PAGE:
“Well, I’ll go over and talk with Magoffin; and, if he’s lost any stock and will lend us the men, I’ve no objection to your making the attempt.”
“You bet, judge, he’ll see for himself, that them cussed varmints won’t hev more’n four hours the start; an’, ef he’ll let us hev the men, we kin ketch ’em, sartin.”
I visited Magoffin’s camp, and found it, like our own, in some confusion. I ascertained, however, that Magoffin himself was not with the train, which was in charge of his major-domo, or head man, Don Ignacio. Him I sought and learned that between twenty and thirty of their mules were missing. I then briefly stated Jerry’s proposition, to which Don Ignacio immediately assented, offering to accompany the expedition himself.
Word was sent to Jerry; and, half an hour afterwards, when I reached camp, I found him ready for a start.
Hal and Ned were both extremely anxious to go; but Jerry would not hear to it for a moment, declaring they must remain and take charge of camp during our absence.
The sun was just peeping above the eastern horizon when the party from Magoffin’s appeared. They were all Mexicans, each man provided with three days’ rations, which consisted of about a quart of atole [Wheat and brown sugar ground together and dried. A small quantity mixed with cold water makes a very pleasant and nutritious meal.] and a piece of jerked beef, securely fastened behind their saddles with their blankets. Every man was armed with a rifle and two revolvers, and carried, besides, forty rounds of ammunition in his belt.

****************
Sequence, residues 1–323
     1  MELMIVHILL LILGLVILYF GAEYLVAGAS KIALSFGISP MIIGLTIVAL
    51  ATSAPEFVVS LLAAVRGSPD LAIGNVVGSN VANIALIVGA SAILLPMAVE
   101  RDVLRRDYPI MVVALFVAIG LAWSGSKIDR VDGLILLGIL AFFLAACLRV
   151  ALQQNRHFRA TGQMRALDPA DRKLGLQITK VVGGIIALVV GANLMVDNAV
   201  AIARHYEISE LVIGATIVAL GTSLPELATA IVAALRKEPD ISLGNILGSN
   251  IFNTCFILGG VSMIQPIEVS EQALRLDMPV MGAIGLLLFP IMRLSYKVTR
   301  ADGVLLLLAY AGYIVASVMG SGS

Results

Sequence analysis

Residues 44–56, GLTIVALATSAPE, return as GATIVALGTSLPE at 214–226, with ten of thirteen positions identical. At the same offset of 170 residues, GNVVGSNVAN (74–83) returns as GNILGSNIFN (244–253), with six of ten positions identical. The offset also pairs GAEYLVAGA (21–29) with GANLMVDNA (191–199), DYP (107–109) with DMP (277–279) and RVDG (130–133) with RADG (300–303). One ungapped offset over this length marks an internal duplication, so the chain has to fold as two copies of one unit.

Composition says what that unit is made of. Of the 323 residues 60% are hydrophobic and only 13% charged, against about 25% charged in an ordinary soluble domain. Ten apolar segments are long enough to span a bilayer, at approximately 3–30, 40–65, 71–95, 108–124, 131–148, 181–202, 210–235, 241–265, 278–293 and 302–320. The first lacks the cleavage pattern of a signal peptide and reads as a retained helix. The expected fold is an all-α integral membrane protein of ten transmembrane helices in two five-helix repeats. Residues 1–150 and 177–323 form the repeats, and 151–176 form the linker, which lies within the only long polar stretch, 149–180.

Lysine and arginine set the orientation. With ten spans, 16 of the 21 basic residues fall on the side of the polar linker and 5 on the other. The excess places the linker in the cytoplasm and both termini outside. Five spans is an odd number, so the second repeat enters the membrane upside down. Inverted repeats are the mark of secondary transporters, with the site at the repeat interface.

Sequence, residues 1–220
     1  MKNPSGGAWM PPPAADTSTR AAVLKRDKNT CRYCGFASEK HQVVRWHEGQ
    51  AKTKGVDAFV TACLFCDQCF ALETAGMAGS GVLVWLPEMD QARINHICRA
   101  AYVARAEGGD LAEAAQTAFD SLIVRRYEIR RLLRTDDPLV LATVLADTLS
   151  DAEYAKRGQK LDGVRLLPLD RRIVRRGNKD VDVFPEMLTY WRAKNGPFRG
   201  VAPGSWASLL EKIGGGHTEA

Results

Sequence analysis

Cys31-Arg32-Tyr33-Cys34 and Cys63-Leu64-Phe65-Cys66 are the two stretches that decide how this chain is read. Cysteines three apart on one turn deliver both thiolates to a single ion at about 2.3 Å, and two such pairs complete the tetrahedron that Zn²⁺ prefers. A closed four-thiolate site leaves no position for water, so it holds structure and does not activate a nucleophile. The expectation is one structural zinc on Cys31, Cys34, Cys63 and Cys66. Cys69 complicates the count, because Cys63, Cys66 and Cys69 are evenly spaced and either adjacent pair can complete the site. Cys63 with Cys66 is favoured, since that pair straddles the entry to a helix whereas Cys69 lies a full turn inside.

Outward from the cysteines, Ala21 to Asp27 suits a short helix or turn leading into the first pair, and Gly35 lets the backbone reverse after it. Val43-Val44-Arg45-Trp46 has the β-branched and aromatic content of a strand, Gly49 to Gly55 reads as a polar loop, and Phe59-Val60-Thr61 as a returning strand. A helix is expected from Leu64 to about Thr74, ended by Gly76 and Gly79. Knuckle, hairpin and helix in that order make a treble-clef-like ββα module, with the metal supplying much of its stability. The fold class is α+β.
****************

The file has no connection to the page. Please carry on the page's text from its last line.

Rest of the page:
A delay of a few moments only, and we were off.
We soon struck the Comanches’ trail and followed it in a north-easterly direction for three or four hours, when Jerry turned to me and said,—
“I was afraid of this, judge. Them varmints hev struck a ‘bee-line’ for the Pecos; and if we don’t ketch ’em afore they cross it and git into the Llano, [The Llano Estacado, or staked plain; a favorite resort of the Comanches. It is about four thousand feet above the level of the ocean, and entirely destitute of wood and water.] that’s the end on ’em, as fur as we’re concarned, so I reckon we’d best hurry on.”
Uttering the single word, ‘Adelante!’ or ‘Forward!’ we started in a brisk canter. It was a beautiful morning and the trail was easily followed.
Our animals were fresh, and everything appeared favorable for the success of our expedition, especially as we realized that the progress of the Indians must necessarily be somewhat impeded by the large number of animals they were driving before them.
The trail followed the course of the river for several miles in the direction of the Concho Springs; but, at last, turned abruptly to the left, and commenced the ascent of the great “divide” which separates the waters of the Pecos from the headwaters of the San Pedro, leading us directly towards the former stream.